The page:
A supervisory control and data acquisition (SCADA) system drives your industrial monitoring and control. SCADA systems aggregate data from various sources and ensure operations run smoothly within your configured thresholds. When sensors and actuators detect anomalies, the system triggers alerts so you can keep things in compliance and within tolerances.
The key components of a SCADA system include both hardware and software.
There are five key hardware components that make SCADA systems work.
Sensors measure physical parameters like temperature, pressure, flow rate, level, and proximity and convert them into signals understandable by computers.
Common industrial sensors include resistance temperature detectors (RTUs), thermocouples, load cells, level transmitters, and optical infrared units. Actuators receive control signals from controllers and perform actions like opening valves, starting motors, and raising dampers to operate field equipment.
A remote terminal unit (RTU) is a microprocessor-based field controller that interfaces directly with sensors and actuators in the field. RTUs acquire telemetry data from sensors and transmit it over communication networks to the central SCADA server. They can also receive control commands from the master system to operate connected actuators.
Programmable logic controllers (PLCs) are robust industrial computers specialized for industrial control and automation tasks. PLCs process input signals from field devices and transmit appropriate output signals to control actuators, including valves, motors, and switches. In a SCADA system, PLCs act as intermediaries between sensors/actuators and master terminal units (MTUs).
The MTU is the central server of the SCADA system, housing both the hardware and software. Industrial rack-mounted computers like distributed control systems (DCS) or PLC-based systems are reliable and redundant.
The MTU aggregates telemetry from field devices, processes and archives it with time stamping, runs data analytics, hosts human-machine interface (HMI) visualization software, and facilitates the distribution of data across the network. It also issues supervisory commands to PLCs and RTUs based on logic or operator actions.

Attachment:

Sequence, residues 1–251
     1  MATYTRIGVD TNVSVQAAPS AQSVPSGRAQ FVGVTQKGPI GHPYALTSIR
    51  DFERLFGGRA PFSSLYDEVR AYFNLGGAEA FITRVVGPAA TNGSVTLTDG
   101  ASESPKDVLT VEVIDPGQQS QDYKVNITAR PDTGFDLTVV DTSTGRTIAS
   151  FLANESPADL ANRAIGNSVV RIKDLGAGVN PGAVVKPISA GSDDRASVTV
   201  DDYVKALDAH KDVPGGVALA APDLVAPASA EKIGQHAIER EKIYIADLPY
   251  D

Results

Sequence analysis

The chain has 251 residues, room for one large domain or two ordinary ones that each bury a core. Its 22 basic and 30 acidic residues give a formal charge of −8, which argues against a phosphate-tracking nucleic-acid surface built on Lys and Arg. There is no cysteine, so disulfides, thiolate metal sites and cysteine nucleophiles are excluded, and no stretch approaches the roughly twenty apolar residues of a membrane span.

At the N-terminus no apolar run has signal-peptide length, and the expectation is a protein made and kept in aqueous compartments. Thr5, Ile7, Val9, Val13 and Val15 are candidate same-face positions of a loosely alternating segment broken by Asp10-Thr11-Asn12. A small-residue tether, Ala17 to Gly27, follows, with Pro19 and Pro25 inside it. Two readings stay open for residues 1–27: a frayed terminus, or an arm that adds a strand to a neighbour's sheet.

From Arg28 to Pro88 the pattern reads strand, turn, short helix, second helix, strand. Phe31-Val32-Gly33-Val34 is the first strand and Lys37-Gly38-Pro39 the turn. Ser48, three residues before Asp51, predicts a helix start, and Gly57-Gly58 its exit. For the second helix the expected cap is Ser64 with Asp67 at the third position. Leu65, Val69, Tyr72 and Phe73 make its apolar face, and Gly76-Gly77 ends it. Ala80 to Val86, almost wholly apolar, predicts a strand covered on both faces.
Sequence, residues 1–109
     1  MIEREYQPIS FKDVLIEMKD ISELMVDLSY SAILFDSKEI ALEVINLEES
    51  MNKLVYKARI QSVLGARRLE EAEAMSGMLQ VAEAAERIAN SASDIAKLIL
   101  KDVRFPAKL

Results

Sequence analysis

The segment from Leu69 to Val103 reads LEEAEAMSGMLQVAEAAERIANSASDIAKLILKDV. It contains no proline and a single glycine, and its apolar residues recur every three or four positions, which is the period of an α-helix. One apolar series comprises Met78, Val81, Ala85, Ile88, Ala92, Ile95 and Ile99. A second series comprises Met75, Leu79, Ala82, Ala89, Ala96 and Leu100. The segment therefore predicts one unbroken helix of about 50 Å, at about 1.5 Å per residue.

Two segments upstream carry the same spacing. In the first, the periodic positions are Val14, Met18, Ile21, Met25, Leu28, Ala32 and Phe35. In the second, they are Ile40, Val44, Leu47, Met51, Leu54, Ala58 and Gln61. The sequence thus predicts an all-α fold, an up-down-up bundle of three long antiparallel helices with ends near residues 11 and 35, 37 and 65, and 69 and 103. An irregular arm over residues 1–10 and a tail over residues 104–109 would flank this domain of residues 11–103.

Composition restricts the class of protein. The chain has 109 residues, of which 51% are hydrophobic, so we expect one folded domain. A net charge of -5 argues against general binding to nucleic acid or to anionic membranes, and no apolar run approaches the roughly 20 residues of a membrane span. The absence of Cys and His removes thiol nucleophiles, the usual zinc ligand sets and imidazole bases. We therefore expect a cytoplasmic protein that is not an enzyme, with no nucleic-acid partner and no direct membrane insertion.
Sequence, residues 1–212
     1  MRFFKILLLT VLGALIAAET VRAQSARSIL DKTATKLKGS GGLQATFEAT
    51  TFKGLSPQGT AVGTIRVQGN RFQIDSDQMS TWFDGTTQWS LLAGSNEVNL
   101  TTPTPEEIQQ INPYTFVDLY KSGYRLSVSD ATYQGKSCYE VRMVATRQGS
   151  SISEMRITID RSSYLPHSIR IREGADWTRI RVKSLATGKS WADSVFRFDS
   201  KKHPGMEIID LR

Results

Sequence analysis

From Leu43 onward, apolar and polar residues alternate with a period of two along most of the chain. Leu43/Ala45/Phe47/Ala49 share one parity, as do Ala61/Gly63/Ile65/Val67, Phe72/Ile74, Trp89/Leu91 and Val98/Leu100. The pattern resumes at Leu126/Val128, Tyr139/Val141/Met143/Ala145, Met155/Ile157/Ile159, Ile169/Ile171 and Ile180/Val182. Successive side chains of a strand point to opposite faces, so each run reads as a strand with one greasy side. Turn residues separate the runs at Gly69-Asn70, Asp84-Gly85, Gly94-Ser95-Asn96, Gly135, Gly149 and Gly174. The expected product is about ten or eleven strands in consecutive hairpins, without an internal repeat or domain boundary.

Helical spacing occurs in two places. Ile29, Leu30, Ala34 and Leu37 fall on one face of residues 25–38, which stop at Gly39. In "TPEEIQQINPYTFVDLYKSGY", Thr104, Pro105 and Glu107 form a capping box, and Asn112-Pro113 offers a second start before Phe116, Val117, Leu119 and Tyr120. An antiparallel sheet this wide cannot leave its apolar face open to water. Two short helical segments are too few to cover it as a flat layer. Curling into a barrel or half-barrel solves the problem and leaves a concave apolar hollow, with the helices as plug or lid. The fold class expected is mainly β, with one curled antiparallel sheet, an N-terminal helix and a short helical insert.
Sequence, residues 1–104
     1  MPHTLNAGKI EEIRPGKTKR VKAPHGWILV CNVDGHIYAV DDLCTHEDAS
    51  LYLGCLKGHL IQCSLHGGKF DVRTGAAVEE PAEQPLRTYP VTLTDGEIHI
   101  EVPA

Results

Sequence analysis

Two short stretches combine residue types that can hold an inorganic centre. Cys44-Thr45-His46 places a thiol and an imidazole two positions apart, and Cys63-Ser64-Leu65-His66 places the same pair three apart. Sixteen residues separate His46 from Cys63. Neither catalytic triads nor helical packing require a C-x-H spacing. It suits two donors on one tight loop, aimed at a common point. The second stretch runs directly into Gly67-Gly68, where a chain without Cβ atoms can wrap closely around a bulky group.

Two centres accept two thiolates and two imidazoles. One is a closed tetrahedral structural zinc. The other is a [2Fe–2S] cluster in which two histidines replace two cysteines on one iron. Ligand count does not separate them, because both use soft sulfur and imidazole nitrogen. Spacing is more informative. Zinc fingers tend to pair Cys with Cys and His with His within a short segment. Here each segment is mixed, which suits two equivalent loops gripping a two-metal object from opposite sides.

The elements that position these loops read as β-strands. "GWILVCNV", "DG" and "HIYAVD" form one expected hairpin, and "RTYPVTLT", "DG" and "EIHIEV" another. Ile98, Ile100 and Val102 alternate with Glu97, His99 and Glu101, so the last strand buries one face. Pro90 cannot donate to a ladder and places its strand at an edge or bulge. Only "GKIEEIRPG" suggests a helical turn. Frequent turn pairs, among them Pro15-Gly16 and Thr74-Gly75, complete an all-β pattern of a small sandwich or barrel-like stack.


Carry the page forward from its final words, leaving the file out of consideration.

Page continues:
The MTU enables centralized coordination of distributed sites.
The data communication infrastructure provides connectivity between the field instruments, controllers, central SCADA computers, HMIs, and corporate networks.
SCADA software, which controls the system’s processes, powers these hardware devices. SCADA software packages contain specialized modules tailored for industrial process supervision, automation, asset tracking, and data management.
The software drives the remote monitoring displays, ladder logic, or editors for control logic programming, SCADA-specific math capabilities, scheduling modules, reporting tools, open connectivity capabilities, and development tools. Due to the unique nature of industrial applications, SCADA systems need to be customized for operational workflow and SCADA security.
The HMI is the interface that allows human operators to visualize current and historical SCADA system data including schematics, trends, reports, KPI dashboards, and system models. An intuitive graphical presentation makes it easy to check status and look for deviations.
HMI screens also permit operators to remotely monitor or control field equipment.
HMIs have built-in alarm capabilities to alert users about abnormal conditions or potential breaches of SCADA security.
The historian is a database optimized to store the massive volumes of industrial time-series data acquired from field devices. It preserves static data definitions along with updating process parameters and events.
Historians deliver faster data collection rates and retrieval performance than conventional databases. They can seamlessly integrate with data processing applications and visualization software to extract actionable insights via trend analysis, forensic investigation, production planning, and predictive analytics.
The modular architecture of SCADA built on top-quality hardware and software components delivers key advantages, including:
The components of a SCADA system work together to enable the comprehensive monitoring, control, and optimization needed to manage remote or field equipment. They are complex systems and require precise controls, especially when used in automated environments.
Pacific Blue Engineering specializes in designing and integrating control engineering solutions such as SCADA systems to control and monitor your equipment whether you are on-site, managing systems remotely, or need mobile access.
Contact Pacific Blue Engineering today at (657) 201-8603 or request a consultation online to discuss your SCADA system needs.